One thing the coalition isn't being very successful at is clarity of communication. This is surprising given all the media personnel employed and the background of many ministers. In this case I have a feeling that this announcement was rushed out and given a little longer the errors would not have occurred. This view is strengthened by your comment that Mr Gove couldn't immediately answer your question about the size of the anticipated savings from stopping the BSF approach.

  16. nonny mouse
    July 8, 2010

    One would assume that the responsibility of producing the list of schools fell to the Partnerships for Schools (PfS).

    The PfS Chief Executive and top four directors receive about £750,000 combined annual salary. I do hope that heads will roll if the PfS is proven to be responsible for this fiasco.

  17. Ex Liverpool Rioter
    July 8, 2010

    Hi John
    Just having my Tea, spent the afternoon walking the dog & chatting to the "New" unemployed. I got people from ever age group so far, expect 25-35 year olds?

    I say your 14 months off your 1st riot.

    Anyway, i see your doing a pension "raid" just like Gordon Brown did!

    1. Amanda
      July 8, 2010

      I take it by 'new unemployed' – you mean the ones having their benefits cut !! Well they don't need to be unemployed for long, they can soon set about improving their own communities by running local services eg library !! A little self-help can work wonders for the human aspirations that Labour can't reach!!

      PS I on its own has a capital letter; but the word tea does not.
      I think you mean 'you're 14 months' – it stands for 'you are'. Also I've (I have) not I got.
      Why is there a question mark at the end of a statement?
      Oh, and Mr Brown took pension funds to waste on state spending. That's not what the Coalition are doing to the 'hard pressed' pension funds, many of whom are suffering the recession caused by Mr Brown's wasteful spending of their money in the first place !!

  18. Demetrius
    July 8, 2010

    Mr. Gove's predicament was that of having to take urgent action to contain a situation with only an unrelaliable and chaotic department and a crew of disorderly quango's to provide the relevant information. This was always the legacy any new government had to face. I expect more and worse in other fields of new ministers struggling to make decisions with nothing making much sense from the Civil Service or other agencies.

  19. DennisA
    July 8, 2010

    This smells of sabotage, 25 projects? The Civil Service is fighting back.

  20. Mike Stallard
    July 8, 2010

    OK, so I am trying, with my friends, to start up a new school here in Wisbech, Cambs.
    We were told, quite definitely, that if the local Comprehensive were receiving BSF funding that no new "build" would be possible for a Free School. I found out today, through Newschools Network that our school's BSF is definitely going ahead.
    Secondly nobody seems to know how much every pupil will get under the scheme for Free Schools, which, of course, rules out any form of budget or business plan.
    We need to get going. All rather worrying, actually. We are in the water and the sharks are circling.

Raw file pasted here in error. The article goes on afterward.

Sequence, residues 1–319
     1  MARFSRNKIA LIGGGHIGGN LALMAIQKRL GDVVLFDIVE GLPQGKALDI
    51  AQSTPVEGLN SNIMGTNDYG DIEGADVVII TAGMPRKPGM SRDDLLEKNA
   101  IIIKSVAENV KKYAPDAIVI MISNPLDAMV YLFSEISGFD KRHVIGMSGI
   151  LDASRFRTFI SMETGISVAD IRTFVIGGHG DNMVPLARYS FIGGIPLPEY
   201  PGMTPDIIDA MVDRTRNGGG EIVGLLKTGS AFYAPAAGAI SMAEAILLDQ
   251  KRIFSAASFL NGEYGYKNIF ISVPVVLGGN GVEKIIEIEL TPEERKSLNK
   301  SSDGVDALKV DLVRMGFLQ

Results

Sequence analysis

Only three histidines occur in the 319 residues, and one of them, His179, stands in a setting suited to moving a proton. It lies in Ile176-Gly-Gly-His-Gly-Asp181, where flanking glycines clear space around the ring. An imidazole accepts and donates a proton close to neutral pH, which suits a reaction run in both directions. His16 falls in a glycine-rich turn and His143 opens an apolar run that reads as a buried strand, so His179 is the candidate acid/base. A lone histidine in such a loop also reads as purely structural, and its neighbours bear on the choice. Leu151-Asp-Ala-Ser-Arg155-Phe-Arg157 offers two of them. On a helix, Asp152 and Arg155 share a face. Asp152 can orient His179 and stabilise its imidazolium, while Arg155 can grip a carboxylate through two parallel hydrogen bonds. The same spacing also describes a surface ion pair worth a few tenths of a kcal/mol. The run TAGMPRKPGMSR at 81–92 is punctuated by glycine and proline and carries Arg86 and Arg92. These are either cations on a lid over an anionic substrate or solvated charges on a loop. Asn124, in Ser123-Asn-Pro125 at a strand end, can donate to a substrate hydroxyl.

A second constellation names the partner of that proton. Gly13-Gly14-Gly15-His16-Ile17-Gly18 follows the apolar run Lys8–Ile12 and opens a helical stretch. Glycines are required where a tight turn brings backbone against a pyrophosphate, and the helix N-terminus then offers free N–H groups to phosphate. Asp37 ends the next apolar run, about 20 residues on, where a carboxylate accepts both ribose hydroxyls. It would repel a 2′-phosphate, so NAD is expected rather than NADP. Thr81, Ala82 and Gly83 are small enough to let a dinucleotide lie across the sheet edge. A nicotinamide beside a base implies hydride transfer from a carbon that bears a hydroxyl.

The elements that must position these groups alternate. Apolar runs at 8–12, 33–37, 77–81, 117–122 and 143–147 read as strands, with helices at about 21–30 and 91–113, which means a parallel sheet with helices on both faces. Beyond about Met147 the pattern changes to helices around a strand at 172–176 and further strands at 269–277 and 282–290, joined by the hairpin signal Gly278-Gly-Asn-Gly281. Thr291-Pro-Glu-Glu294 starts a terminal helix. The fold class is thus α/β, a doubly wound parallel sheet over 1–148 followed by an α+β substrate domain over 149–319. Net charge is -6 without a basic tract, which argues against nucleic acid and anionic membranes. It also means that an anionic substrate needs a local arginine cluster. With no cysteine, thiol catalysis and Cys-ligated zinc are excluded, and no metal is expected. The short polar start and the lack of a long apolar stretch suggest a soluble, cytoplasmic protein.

21. manicbeancounter
    July 8, 2010

    An excellent summary Mr Redwood.
    There are two things that we can take away from this.
    The first is that the coalition government has made a change from the past government. Recognising ones mistakes, apologising and remedying the mistakes and moving is a return to one of the best aspects of our Christian heritage. We will also learn from experience. the alternative approach of evading or trivialising or reinterpreting the issue is something that became incredibly damaging under New Labour, both to the integrity of government and to the nation's finances.
    The second is that government is over-extended and lost in the detail. The box-ticking means that you lose siight of the bigger picture. It infected Haringay Social Services, Stafford Hospital and the regulation of the banks. It should be no surprise that the malaise also infects the school building programme.
    The positive, as you quite rightly point out, is that there is a significant opportunity to get more from less. I hope Mr Gove takes encouragement from this.

  22. Thomas Byrne
    July 8, 2010

    I was pondering on this myself this afternoon and decided to do some research on BSF was pretty damn woeful.

    May well have been a stichup by PfS as well.

  23. Amanda
    July 8, 2010

    Did you have confidence in the last Government's figures and statements then? Things like, crime down, unemployment down, best placed to ride out the recession, etc???

    We've had 13 years of lies and spin and a public sector recruited on diversity targets rather than competence !!

  24. Jim Smith
    July 9, 2010

    Did you really mean 'fulsome' apology?

  25. Ian Jones
    July 9, 2010

    Now perhaps you know why Labour put in its placemen to control the civil service. The civil service are there to look after themselves and will destroy this Government in the next 6 months unless they are controlled.

  26. Colin Gardner
    July 10, 2010

    Local decision making works. When I was Chairman of Governors of a Grant Maintained primary school we built 3 new classrooms, a technology block and an early years unit all within budget and on time and with no interference from the LEA. Claim back our education system from the bureaucrats and jobsworths now!

  27. Paul
    July 14, 2010

    12 years out of power and your lot have learned absolutely nothing